Top Republican advises Americans to spend on healthcare 'instead of getting that new iPhone that they just love'

Rep. Jason Chaffetz attempted to sell the new Republican healthcare plan on Tuesday by asking Americans to purchase health insurance instead of buying an iPhone.

Appearing on CNN's "New Day" on Tuesday, the Utah Republican dismissed questions about whether fewer Americans would be covered by the GOP's Affordable Care Act replacement.

"Americans have choices, and they've got to make a choice. So maybe instead of getting that new iPhone that they just love and they want to go spend hundreds of dollars in that, maybe they should invest in their own healthcare," Chaffetz said. "They've got to make those decisions themselves."

Chaffetz did not answer whether the new GOP plan would require lower-income Americans to make sacrifices, but claimed that "with more choice, you will get a better product at a lower price."

He pointed to the bill's proposed elimination of Obamacare's individual mandate, which requires people who do would not pay more than 8% of their monthly income to purchase the minimum health insurance policy or face tax penalties. The plan would also eliminate the mandate requiring large employers to offer coverage to full-time employees. The individual mandate was designed to compel Americans to seek insurance, while ensuring that the insurance markets weren't flooded with overwhelmingly sick people, which would drive up the cost of insurance.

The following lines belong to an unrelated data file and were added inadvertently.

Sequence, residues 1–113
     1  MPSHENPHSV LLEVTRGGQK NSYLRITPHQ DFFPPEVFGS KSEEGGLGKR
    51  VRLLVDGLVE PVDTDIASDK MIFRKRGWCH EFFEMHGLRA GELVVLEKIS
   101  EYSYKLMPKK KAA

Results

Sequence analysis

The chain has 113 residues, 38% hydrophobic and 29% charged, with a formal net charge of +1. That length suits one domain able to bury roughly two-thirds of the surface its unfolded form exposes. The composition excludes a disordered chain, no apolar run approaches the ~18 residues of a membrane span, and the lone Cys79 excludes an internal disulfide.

In the place of the individual mandate, the GOP plan would allow insurance companies to charge 30% higher premiums for people who have gone 63 days without health insurance.

The new plan, which the House released on Monday, makes a number of changes to the current law, eliminating taxes on higher-income earners as well as income-based tax credits and the Medicaid expansion that many states have adopted. In their place, the new plan would create per-capita caps for Medicaid, and new refundable tax credits for several age groups.

The proposal keeps some popular Obamacare initiatives in place, allowing Americans up to age 26 to stay on their parents' healthcare plans.

But it also tweaks other portions, allowing insurance companies to charge older Americans 5-times the prices of younger Americans. Obamacare permits insurers to charge 3-times as much as younger Americans.

The new plan has faced almost universal opposition from Congressional Democrats, while some conservatives also remain wary of the plan.

Sen. Rand Paul argued that the bill did not do enough to drive costs down.

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